Well in my limited testing, this pretty much does it.  It was a much cleaner image than the bicubic one and while there was some very slight blurring on the text, I noticed part of the hud was cleaner on your version than the 4k 2x2 downsampling I posted earlier, and that was about as pure as it gets.  I tested it 1NSANE at 4k to 1080, and in Judge Dredd from 1600x1200 to 800x600.  It worked about how it should.  Thanks a ton for the help.

 

So the problem was that it only works for non-integer resolutions?  That would explain why Unaccounted4's worked, since he was going from 4k to 1440?  That is quite bizarre, but I'm glad you found a solution!  I'll see if your theory holds up later using vanilla gamescope and can replicate the results.

 

So for the record, you found a way to apply it to 2x integer-resolutions specifically and made a custom compile based off that?  That's still weird they didn't support that in the first place.

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On 5/30/2023 at 2:01 AM, ReflexiveTransativeClosure said:

Okay I made a mistake here, gamescope could (and appears to in my testing) apply a very limited form of bilinear filtering in very specific circumstances, which isn't really by design. I think that you would have to be downscaling from an internal resolution which is a non integer factor of the output. This likely won't be as good as proper bilinear (not-least because of the resolution requirements) but it might be that this effect is sufficient for you -- choosing the right internal resolution would be a matter of trial-and-error.

 

(Another possibility is that DGVoodoo2 is doing downsampling -- but I don't think that's what's happening given the configuration described)

 

You're right, given gamescope is working at all, the behaviour of the downsampling should be identical on AMD and Nvidia.

 

I also attach a gamescope build with a linear-ish filter. It's something I hacked together in half an hour though, so it won't

be perfect (I'm not a graphics programmer), and only works for exactly 2x scaling. The result is somewhere in-between unfiltered and bicubic for aliasing and softness.

The keybinds are different too (it's based on my downstream tree, sorry), it's meta+b for no filtering (blit), and meta+j for bilinear. meta+k gives somewhat broken bicubic. (Also, if you press meta+n (sample nearest) by accident, you should press meta+l (sample linear) to get everything back to normal).

 

Unfiltered:

  Hide contents

aliased.thumb.png.8b434964d1721408b44f0cd7027e3f93.png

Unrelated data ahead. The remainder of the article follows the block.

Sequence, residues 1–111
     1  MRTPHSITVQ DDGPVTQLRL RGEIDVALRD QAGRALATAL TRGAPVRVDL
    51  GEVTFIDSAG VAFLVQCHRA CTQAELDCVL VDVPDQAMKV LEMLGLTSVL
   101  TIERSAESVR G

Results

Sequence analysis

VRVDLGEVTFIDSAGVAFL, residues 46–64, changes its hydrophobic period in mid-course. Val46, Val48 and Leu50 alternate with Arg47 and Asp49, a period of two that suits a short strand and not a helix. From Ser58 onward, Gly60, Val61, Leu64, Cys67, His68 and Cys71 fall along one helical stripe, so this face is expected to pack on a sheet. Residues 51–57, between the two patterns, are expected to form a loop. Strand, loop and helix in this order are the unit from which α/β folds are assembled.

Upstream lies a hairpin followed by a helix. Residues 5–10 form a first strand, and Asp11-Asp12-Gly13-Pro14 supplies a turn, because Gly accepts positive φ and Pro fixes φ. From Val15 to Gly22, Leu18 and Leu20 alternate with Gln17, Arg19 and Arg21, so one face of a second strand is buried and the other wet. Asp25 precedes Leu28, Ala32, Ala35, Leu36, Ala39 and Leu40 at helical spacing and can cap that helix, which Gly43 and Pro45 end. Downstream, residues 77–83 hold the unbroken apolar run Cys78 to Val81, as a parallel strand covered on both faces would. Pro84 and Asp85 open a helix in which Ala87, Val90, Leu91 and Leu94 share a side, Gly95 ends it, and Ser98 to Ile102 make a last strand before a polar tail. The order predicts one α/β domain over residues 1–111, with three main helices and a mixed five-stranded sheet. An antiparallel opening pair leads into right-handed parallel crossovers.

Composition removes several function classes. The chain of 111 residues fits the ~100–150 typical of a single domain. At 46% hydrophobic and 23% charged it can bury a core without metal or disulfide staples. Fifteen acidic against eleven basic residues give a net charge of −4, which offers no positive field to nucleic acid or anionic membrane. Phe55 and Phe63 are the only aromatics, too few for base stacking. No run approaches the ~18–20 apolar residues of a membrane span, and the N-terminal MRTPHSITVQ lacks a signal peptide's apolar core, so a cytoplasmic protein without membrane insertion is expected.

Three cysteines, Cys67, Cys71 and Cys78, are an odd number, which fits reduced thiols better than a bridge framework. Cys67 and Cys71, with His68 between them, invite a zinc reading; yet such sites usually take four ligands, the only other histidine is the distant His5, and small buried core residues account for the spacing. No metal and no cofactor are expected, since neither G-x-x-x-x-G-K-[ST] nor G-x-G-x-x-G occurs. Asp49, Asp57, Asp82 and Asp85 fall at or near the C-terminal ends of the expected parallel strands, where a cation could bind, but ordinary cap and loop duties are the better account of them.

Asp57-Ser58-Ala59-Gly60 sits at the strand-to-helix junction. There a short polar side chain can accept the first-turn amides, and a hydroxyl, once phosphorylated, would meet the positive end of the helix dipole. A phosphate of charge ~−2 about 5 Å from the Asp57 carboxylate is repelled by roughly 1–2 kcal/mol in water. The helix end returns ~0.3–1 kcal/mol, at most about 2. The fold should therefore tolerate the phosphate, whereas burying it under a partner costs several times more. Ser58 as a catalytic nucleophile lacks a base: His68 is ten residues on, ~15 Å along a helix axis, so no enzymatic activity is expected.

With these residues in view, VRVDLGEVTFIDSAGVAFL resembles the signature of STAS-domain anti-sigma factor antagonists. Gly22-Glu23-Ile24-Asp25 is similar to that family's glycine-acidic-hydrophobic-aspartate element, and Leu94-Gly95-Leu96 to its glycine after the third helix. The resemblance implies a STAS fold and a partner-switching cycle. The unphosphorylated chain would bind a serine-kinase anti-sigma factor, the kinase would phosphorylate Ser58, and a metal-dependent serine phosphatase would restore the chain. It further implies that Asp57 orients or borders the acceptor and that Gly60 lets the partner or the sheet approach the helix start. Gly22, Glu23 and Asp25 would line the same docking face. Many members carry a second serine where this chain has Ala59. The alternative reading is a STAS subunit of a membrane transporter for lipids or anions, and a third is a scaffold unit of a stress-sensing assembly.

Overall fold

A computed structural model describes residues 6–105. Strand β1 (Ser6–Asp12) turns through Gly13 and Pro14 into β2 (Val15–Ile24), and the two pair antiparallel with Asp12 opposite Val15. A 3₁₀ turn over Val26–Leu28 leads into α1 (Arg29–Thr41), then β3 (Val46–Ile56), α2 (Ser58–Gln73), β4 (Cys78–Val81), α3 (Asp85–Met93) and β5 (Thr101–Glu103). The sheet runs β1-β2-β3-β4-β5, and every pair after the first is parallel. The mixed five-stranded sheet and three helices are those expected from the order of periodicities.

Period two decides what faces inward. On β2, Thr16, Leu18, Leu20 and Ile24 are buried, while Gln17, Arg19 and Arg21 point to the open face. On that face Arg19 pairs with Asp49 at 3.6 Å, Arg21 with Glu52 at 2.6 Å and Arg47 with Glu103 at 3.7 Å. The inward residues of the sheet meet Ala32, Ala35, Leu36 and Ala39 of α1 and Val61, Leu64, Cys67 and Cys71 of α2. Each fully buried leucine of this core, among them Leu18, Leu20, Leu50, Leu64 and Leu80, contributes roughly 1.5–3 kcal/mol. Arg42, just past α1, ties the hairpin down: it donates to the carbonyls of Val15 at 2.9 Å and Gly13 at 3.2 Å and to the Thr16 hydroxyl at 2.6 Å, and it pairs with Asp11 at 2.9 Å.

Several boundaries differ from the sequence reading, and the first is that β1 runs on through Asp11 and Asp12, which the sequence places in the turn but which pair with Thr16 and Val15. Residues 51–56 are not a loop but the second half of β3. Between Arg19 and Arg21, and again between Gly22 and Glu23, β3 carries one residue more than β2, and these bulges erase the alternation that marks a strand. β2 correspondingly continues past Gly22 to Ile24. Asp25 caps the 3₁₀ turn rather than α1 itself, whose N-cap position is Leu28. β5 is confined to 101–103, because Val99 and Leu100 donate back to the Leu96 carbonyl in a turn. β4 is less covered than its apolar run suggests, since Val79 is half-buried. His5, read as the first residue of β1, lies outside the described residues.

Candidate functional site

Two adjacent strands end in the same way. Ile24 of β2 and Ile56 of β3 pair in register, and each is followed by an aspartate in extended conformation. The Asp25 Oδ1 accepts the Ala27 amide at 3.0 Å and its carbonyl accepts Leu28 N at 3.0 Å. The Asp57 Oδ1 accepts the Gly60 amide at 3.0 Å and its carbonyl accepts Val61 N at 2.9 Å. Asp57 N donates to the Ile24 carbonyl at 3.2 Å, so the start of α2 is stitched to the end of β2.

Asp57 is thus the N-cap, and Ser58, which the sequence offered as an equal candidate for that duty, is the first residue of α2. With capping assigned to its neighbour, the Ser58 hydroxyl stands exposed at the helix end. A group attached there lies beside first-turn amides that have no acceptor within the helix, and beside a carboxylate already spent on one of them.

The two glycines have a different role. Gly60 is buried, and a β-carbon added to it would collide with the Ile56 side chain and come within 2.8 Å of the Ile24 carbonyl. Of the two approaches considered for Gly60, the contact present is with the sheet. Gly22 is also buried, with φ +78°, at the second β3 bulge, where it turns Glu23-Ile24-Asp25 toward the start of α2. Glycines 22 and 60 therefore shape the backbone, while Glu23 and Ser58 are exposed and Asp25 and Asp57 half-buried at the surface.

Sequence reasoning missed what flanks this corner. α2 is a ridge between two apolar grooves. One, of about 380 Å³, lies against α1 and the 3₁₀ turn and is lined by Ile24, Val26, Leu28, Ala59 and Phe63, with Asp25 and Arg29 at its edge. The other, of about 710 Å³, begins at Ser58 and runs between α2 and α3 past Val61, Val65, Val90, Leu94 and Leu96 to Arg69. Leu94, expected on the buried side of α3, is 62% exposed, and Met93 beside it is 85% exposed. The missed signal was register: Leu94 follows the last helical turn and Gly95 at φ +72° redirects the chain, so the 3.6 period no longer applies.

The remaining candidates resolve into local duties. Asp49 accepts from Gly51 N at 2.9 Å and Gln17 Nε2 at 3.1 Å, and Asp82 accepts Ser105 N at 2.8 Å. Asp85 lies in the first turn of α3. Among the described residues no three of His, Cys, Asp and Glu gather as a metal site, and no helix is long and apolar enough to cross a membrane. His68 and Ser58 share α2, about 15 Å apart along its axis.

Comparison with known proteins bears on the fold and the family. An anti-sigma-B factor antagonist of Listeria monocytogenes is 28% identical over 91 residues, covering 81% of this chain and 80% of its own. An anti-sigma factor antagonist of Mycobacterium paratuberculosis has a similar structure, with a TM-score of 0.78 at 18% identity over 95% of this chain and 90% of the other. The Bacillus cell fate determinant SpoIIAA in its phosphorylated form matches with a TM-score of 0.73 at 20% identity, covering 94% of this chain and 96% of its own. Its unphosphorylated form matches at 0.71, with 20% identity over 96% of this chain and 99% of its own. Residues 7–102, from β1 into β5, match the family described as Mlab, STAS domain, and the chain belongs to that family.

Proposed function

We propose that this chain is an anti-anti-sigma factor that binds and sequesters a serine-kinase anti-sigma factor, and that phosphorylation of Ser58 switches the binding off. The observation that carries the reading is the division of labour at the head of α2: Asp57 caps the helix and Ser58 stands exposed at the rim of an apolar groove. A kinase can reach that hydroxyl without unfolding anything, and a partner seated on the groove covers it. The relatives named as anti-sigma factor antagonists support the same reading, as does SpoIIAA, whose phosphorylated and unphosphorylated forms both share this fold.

Hacky bilinear:

  Hide contents

linear.thumb.png.8b6d4b2a87d3303993b9314a2924b7f8.png

 

gamescope.zip 3.87 MB · 2 downloads

Very cool.
Would it make sense to make a git repo for this, so that other interested people can find and contribute to it?
Maybe it gets to the point where it gets merged back upstream.

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On 5/30/2023 at 12:21 PM, testman said:

Would it make sense to make a git repo for this, so that other interested people can find and contribute to it?

Or better, submit it as a PR to the main project and get a discussion going on how to improve the software in that way.

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On 5/30/2023 at 1:01 AM, ReflexiveTransativeClosure said:

I think that you would have to be downscaling from an internal resolution which is a non integer factor of the output.

Yup, that seems to be exactly what's happening. Very good catch!

 

On 5/30/2023 at 1:01 AM, ReflexiveTransativeClosure said:

I also attach a gamescope build with a linear-ish filter. It's something I hacked together in half an hour though, so it won't

be perfect (I'm not a graphics programmer), and only works for exactly 2x scaling. The result is somewhere in-between unfiltered and bicubic for aliasing and softness.

The keybinds are different too (it's based on my downstream tree, sorry), it's meta+b for no filtering (blit), and meta+j for bilinear. meta+k gives somewhat broken bicubic. (Also, if you press meta+n (sample nearest) by accident, you should press meta+l (sample linear) to get everything back to normal).

Like the others suggest, absolutely you should make this a PR for gamescope. That is actually awesome!

Edited by Unaccounted4 (see edit history)

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On 5/30/2023 at 9:50 AM, Ross Scott said:

So for the record, you found a way to apply it to 2x integer-resolutions specifically and made a custom compile based off that?  That's still weird they didn't support that in the first place.

Yes, more or less (although now I think about it larger factors should probably work fine I think). I think the omission is probably explained to some extent as gamescope was primarily developed for the Steam Deck (so, limited battery and a small screen), where users are very unlikely to be downsamping in most cases.

 

For anyone who wants this in their own builds, the simplest version (which I'm not sure is strictly linear, but is linear-ish, and should work with any scaling factor supported by the bicubic PR) is a one-line patch on the bicubic branch; just open src/shaders/cs_bicubic.comp and add the following to the start of textureBicubic() [here]:

    return texture(splr, texCoords);

 

Hopefully, when/if the bicubic PR is merged it shouldn't be too hard to add this as an extra mode.